KV Channels

Arteriolar smooth muscle cells express a number of different KV channels and there are species and regional differences in the specific gene products that are expressed. As their name implies, KV channels are activated by membrane depolarization. These channels participate in the regulation of resting membrane potential, the negative feedback regulation of membrane potential during vasoconstriction (Figure 2), and may participate in the mechanism of action of

Figure 1 Ion channels form signaling complexes. Simplified schematic diagram of a signaling complex in a smooth muscle cell consisting of voltage-gated Ca2+ channels (VGCC), G-protein-coupled receptors, adenyl cyclase (AC), protein kinase A (PKA), protein phosphatase 2A (PP2A), and large-conductance Ca2+-activated K+ channels (BKCa). The VGCC and BKCa channels are functionally coupled to ryanodine receptors (RYR) in the membranes of smooth endoplasmic reticulum (sER) adjacent to the plasma membrane. 1, Ca2+ influx through VGCC increases local Ca2+ concentration in the sub-plasmalemmal space. 2, This local increase in Ca2+ triggers Ca2+-induced Ca2+ release from the SER through RYR. 3, This Ca2+ release results in a focal increase in subplasmalemmal Ca2+ (a Ca2+ spark). 4, The Ca2+ spark, along with Ca2+ entry through VGCC activates BKCa channels. 5, The resultant K+ efflux hyperpolarizes the membrane. 6, The hyperpolarization closes VGCC providing negative feedback control of the system.

Figure 1 Ion channels form signaling complexes. Simplified schematic diagram of a signaling complex in a smooth muscle cell consisting of voltage-gated Ca2+ channels (VGCC), G-protein-coupled receptors, adenyl cyclase (AC), protein kinase A (PKA), protein phosphatase 2A (PP2A), and large-conductance Ca2+-activated K+ channels (BKCa). The VGCC and BKCa channels are functionally coupled to ryanodine receptors (RYR) in the membranes of smooth endoplasmic reticulum (sER) adjacent to the plasma membrane. 1, Ca2+ influx through VGCC increases local Ca2+ concentration in the sub-plasmalemmal space. 2, This local increase in Ca2+ triggers Ca2+-induced Ca2+ release from the SER through RYR. 3, This Ca2+ release results in a focal increase in subplasmalemmal Ca2+ (a Ca2+ spark). 4, The Ca2+ spark, along with Ca2+ entry through VGCC activates BKCa channels. 5, The resultant K+ efflux hyperpolarizes the membrane. 6, The hyperpolarization closes VGCC providing negative feedback control of the system.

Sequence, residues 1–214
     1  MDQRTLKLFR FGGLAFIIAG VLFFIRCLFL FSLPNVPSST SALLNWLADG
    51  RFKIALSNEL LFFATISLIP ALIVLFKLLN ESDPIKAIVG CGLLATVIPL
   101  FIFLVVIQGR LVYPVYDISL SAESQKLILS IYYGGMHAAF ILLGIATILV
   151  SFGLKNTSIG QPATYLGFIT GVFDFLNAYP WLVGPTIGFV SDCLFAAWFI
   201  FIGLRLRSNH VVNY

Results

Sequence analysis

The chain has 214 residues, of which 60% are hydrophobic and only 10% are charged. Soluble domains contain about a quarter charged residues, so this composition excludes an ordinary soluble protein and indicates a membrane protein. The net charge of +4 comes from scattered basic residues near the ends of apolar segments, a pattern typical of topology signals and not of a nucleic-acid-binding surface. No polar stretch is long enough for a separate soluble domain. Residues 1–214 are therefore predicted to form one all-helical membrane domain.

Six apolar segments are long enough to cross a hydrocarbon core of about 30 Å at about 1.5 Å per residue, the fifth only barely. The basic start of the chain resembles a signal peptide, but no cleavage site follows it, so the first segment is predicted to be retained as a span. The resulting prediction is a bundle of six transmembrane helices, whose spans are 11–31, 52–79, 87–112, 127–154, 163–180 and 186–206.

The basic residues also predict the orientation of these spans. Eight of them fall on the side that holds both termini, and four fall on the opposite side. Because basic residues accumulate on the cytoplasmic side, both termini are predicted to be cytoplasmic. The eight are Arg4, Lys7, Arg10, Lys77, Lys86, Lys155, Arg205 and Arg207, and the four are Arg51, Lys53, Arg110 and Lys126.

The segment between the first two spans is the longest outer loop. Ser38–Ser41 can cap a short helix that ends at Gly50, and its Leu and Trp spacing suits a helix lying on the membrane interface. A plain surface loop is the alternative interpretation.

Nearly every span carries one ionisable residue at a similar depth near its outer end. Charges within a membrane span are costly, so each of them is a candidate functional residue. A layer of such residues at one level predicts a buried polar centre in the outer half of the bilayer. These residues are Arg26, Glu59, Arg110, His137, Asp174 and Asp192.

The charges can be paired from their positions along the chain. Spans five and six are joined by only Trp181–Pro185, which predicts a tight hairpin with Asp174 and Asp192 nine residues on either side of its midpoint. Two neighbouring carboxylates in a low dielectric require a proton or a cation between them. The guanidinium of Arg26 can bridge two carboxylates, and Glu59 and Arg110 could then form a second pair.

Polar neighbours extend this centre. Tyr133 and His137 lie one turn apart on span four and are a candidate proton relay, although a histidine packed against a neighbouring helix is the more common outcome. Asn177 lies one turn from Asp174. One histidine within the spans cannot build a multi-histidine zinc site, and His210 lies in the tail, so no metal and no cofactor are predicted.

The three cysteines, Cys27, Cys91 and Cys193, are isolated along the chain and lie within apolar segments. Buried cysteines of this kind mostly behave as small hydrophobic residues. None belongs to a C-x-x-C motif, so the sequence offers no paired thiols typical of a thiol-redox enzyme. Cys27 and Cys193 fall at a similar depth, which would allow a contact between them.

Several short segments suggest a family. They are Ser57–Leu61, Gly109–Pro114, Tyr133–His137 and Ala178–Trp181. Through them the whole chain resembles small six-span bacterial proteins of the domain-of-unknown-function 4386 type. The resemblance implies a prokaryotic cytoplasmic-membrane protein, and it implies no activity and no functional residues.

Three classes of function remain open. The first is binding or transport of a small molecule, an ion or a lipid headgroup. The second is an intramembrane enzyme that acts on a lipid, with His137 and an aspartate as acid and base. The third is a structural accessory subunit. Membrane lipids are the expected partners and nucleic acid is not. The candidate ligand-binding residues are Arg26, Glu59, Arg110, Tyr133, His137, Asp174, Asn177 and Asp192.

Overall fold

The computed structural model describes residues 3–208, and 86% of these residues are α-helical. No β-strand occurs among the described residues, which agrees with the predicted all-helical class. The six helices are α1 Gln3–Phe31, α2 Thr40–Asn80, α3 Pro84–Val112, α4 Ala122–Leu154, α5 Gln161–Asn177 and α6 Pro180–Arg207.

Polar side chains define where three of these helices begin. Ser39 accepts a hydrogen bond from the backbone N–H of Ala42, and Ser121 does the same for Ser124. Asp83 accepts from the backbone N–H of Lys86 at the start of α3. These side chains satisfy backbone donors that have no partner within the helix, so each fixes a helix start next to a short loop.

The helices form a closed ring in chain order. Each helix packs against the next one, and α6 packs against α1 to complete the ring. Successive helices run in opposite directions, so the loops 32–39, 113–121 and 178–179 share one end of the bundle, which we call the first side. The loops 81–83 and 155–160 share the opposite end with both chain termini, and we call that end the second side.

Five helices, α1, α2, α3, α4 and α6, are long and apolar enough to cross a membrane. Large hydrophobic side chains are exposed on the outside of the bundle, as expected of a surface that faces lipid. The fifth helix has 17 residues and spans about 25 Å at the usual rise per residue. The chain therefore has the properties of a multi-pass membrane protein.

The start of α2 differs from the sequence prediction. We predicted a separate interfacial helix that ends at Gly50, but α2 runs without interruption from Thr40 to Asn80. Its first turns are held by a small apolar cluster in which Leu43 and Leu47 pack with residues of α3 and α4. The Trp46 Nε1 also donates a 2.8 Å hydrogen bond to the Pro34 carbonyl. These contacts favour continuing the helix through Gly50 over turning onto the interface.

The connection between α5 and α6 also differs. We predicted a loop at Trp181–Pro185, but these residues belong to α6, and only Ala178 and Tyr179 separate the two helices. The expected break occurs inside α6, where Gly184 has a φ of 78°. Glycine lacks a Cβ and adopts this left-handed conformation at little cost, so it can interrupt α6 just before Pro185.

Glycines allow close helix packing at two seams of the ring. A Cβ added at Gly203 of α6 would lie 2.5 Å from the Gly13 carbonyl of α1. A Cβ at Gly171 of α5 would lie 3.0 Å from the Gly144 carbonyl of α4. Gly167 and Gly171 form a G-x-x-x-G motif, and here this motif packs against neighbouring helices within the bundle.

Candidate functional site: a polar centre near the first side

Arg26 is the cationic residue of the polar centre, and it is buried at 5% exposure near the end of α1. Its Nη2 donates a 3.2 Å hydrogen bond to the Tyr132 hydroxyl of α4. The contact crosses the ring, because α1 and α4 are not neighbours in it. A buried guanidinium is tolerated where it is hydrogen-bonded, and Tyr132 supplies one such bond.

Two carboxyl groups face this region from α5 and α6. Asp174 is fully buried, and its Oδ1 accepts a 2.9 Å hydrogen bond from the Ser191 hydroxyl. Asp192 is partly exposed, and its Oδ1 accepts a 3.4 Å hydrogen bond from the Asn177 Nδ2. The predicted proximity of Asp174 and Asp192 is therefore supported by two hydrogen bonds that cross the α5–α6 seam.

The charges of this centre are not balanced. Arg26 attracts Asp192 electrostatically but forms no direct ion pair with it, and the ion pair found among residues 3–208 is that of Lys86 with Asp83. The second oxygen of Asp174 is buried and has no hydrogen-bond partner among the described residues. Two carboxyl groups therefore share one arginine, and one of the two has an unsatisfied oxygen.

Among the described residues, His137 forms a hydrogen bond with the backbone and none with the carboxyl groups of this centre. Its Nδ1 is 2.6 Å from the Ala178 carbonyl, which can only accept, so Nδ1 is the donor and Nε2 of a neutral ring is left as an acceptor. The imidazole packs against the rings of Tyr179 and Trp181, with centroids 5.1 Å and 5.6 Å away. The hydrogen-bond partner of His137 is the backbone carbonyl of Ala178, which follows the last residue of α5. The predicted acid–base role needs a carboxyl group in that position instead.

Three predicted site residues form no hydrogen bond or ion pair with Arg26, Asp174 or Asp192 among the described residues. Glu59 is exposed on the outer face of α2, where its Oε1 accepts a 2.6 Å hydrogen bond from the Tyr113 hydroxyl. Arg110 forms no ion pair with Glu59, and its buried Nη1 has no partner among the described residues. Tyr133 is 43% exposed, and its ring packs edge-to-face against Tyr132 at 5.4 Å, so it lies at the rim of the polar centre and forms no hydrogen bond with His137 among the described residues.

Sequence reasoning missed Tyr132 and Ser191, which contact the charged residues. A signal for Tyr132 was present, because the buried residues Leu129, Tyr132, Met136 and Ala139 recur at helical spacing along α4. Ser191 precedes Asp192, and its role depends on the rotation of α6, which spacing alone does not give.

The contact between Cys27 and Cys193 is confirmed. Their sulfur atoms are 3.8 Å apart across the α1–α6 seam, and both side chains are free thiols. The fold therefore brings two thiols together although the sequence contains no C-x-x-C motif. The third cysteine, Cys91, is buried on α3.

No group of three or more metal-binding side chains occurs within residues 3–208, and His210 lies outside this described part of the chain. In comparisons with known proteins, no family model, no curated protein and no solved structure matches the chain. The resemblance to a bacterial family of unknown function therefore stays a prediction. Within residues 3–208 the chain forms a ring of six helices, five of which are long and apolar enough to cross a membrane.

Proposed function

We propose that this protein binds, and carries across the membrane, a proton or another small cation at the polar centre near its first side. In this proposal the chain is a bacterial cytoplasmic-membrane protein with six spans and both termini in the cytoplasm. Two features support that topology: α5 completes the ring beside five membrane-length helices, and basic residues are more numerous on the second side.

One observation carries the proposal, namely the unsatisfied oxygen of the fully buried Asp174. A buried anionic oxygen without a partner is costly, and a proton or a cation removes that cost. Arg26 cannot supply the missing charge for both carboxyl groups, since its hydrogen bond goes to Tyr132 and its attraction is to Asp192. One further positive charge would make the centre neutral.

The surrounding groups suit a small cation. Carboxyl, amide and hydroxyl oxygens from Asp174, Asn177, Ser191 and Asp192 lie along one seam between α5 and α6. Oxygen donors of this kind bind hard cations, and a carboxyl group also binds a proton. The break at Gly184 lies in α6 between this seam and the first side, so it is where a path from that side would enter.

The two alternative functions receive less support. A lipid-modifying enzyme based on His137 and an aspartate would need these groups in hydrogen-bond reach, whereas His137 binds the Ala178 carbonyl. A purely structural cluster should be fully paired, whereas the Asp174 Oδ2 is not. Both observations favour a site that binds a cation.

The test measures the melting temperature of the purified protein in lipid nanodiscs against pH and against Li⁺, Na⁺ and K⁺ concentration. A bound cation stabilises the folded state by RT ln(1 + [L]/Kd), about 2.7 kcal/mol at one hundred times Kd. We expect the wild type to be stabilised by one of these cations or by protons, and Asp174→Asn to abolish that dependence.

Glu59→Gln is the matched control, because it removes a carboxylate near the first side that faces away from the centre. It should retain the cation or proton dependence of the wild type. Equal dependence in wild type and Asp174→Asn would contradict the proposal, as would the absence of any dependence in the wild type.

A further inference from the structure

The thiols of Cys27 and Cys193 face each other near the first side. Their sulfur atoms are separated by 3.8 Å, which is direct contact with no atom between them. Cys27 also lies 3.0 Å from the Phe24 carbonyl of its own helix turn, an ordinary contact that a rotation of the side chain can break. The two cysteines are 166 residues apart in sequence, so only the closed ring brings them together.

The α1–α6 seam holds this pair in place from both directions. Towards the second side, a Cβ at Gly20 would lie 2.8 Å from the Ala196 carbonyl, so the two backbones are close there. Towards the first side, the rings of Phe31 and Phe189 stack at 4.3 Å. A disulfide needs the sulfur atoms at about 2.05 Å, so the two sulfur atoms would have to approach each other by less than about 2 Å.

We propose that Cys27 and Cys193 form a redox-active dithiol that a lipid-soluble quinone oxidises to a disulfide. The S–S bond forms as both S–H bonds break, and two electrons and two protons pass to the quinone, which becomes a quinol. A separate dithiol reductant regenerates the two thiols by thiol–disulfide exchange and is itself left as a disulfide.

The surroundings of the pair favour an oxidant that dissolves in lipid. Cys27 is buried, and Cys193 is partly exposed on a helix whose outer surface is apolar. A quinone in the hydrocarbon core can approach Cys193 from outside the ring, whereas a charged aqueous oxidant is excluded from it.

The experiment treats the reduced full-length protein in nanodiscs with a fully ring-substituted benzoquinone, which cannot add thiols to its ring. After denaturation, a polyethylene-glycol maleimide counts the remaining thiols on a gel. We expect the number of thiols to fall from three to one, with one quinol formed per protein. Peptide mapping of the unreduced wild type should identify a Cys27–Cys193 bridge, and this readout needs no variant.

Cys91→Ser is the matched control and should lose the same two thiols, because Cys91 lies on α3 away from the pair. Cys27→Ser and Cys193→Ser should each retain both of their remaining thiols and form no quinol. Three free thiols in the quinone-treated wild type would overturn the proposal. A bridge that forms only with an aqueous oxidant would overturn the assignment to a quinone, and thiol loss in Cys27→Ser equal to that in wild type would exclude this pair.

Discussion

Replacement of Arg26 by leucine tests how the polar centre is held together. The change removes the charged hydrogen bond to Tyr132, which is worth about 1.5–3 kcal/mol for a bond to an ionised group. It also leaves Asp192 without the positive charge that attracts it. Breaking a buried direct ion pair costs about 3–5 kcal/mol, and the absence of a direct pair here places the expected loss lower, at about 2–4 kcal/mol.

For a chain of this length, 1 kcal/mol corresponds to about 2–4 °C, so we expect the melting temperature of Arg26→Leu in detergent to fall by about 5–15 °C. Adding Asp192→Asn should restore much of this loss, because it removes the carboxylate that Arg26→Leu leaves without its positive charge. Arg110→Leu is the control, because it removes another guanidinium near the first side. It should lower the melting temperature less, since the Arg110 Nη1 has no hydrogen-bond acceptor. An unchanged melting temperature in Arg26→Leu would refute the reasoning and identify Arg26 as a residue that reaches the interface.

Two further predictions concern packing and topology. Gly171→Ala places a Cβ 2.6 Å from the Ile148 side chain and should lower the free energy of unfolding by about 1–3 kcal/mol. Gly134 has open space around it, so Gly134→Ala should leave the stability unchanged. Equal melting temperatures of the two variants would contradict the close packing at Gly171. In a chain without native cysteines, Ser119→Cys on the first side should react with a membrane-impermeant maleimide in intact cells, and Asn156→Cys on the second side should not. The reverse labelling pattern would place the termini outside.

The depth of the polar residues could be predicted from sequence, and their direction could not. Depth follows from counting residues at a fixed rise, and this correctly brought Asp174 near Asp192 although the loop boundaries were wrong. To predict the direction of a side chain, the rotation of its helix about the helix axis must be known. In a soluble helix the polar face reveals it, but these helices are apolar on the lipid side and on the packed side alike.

both vasoconstrictors (Figure 2) and vasodilators (Figure 3). As noted in Table I, most KV channels expressed in arteriolar smooth muscle can be blocked by aminopyridines such as 4-aminopyridine. In addition, KV 1 family members can be selectively inhibited by the triterpene correolide. Agi-toxin-2 also blocks KV 1 family channels with the notable exception of KV 1.5 and can be used to distinguish between KV 1.5 and other KV 1.X-mediated responses. Microvascular endothelial cells also may express KV channels that function in the negative feedback regulation of membrane potential to limit depolarization.

Katp Channels

Both arteriolar smooth muscle and endothelial cells express KATP channels. These channels open when intracellular ATP levels decrease; hence their name. However, they also may be activated by elevated nucleotide diphosphates, reduced intracellular pH, and phosphorylation by protein kinase A (PKA) and cGMP-dependent protein kinase (PKG). In both smooth muscle and endothelial cells, they may act as sensors of the metabolic status of cells, opening during ischemic or hypoxic conditions in response to